Wednesday, July 3, 2013

Making Big, Messy Art

Post by our blog team member, Susan Vittitow Mark

I have just returned from a road trip to Minnesota, a bit west of Minneapolis. It truly was the Land of Lake Wobegon, and I came back stuffed to the gills with wedding cake. We weren't even to Pine Bluffs when we noticed this car.

On closer look.... the situation became curioser and curioser.

And a final parting shot. I'm particularly enamored with the baby doll head. At least it's watching the road. Everyone else was watching this car.

Whoever created this wasn't afraid to make big messy art out of what they had at hand. It reminded me of the exhibits I saw when I visited the American Visionary Art Museum in Baltimore. Unlike other art museums, the AVAM made me want to make things. In exhibit after exhibit, the artists weren’t afraid to create according to their own vision from the materials they had at hand -- paper plates, bottle caps, lawn ornaments and bits of mirror.
I felt as if I could do that. Not in the sense of doing it as well, but throwing caution to the wind and making big, messy art from whatever I had. Or, more accurately, big, messy writing.
On the Minnesota trip, I collected three pages of oddball things that struck me. Among them:
  • A bird struck me, literally. Dead center of the windshield at 75 MPH.
  • Eating a wooze-inducing early lunch of pretzels, diet coke and a butterscotch shake purchased in the Ice Cream Capital of the World.
  • Crops soggy with standing water, where last year there was drought.
  • Tree leaves awash in the Minnesota River, trunks buried in water, water well outside its banks.
  • Birds swarming the feeders at a rest stop.
  • Bad radio music. Lots of it.

As my husband drove, I collected these just as the car artist must have collected toothpaste tubes and baby doll heads. What will I do with these? I might use one as a writing prompt. Maybe a character would develop oddball diet quirks or have a deep love of birds. I could write of a farmer at the mercy of increasingly erratic weather. Swollen rivers might make a nice place detail. Songs on the radio could help place a story in a specific time period.

As I collect parts and pieces, they work their way into stories as a collage of details that make stories more alive and real.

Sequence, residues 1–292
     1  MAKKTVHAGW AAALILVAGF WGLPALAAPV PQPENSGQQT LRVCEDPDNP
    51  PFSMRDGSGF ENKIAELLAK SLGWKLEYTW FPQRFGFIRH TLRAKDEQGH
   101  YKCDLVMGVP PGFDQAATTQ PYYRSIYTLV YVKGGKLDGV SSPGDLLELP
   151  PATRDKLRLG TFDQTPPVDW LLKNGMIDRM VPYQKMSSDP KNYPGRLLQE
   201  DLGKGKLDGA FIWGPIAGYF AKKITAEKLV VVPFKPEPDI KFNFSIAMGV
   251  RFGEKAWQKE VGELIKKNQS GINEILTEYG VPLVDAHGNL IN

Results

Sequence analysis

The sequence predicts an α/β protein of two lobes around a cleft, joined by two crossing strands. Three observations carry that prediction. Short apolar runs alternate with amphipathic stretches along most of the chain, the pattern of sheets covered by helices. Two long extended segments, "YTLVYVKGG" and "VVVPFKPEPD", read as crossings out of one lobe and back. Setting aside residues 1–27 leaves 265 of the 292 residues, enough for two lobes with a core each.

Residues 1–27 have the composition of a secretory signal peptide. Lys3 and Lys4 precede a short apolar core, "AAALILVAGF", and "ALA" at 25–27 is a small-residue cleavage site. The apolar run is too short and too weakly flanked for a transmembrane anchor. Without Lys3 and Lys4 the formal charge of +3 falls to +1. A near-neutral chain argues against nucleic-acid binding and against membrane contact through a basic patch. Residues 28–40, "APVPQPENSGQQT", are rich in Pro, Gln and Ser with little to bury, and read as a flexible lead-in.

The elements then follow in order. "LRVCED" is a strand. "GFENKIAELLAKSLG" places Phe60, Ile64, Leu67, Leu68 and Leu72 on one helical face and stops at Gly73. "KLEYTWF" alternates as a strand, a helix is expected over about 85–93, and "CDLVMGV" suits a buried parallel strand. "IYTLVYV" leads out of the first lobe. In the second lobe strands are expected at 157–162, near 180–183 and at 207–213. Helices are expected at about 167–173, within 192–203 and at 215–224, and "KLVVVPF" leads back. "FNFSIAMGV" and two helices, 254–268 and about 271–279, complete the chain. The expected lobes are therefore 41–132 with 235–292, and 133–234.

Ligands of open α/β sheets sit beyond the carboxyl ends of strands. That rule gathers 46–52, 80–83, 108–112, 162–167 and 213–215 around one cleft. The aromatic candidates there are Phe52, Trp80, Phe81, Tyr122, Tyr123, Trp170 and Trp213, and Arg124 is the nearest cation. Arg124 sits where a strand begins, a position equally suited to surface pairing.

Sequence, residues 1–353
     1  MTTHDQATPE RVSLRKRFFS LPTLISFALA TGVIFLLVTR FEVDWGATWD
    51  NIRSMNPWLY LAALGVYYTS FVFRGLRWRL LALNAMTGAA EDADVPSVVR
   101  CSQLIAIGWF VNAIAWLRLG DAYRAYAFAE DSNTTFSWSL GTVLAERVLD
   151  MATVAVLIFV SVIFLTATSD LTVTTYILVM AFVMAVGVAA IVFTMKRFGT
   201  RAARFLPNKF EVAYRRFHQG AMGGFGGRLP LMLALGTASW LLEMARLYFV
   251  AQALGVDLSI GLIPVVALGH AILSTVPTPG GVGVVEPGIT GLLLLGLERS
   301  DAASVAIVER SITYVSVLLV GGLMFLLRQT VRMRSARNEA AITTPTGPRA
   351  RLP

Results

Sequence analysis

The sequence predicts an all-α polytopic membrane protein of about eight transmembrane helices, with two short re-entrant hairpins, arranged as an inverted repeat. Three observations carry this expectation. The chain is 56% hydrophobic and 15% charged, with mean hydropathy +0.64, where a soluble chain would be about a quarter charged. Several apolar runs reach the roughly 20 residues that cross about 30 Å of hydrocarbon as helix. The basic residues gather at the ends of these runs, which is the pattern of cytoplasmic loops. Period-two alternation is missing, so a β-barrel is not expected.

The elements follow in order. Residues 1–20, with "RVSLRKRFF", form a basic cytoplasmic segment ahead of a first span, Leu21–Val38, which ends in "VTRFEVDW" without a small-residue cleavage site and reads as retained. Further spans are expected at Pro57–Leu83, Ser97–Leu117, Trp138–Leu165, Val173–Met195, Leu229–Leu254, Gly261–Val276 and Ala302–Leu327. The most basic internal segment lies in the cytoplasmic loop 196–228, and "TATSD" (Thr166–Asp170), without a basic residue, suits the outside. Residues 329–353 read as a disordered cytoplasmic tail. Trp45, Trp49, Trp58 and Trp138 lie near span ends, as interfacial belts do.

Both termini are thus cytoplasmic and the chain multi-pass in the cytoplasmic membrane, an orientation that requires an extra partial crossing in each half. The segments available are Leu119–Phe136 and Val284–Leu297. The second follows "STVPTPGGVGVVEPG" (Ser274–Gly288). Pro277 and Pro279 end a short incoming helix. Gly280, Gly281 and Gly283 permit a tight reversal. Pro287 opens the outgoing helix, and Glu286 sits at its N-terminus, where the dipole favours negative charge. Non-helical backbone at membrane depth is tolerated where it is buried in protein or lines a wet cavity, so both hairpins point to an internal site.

So go collect your toothpaste tubes and make some big, messy art. That’s what I plan to do.


Jenny said...

That car is really something. Just think of the kind of character who would drive a car like that! I like how you collected bits of your trip for later use. You never know when they will inspire you!

Lynn said...

What's that saying... one man's trash? That sure is a treasurey car you found!

I'm a big fan of found snippets like yours. Plenty to lead you down the literary road. Thanks for the inspiration!

Patricia Stoltey said...

Hi Susan -- glad to see you've joined the Writing Bug team.

I'll bet the person who created that car is quirky and interesting. Would be fun to find out...

Deborah Nielsen said...

It's called an Art Car. Art Cars are a whole 'nother car culture. Each year there's a big Art Car parade and festival in Houston in early May. It's quite a spectacle!

I wonder how the owner cemented all that stuff on so that it wouldn't blow off going down the road? And how he or she came up with, um, the theme. There's got to be a story there.

At least your drive wasn't totally lacking in interest!

Rhonda Blackhurst said...

I'm headed to Minnesota on the 20th of this month for my nephew's wedding. All of my family still lives there so I go back once or twice a year. You've got me wanting to look for fun and "odd" things along the way. :)

Michael Shay said...

Great column, Susan, and I love the photos of the "Art Car." Big Messy Art -- that's the best kind.

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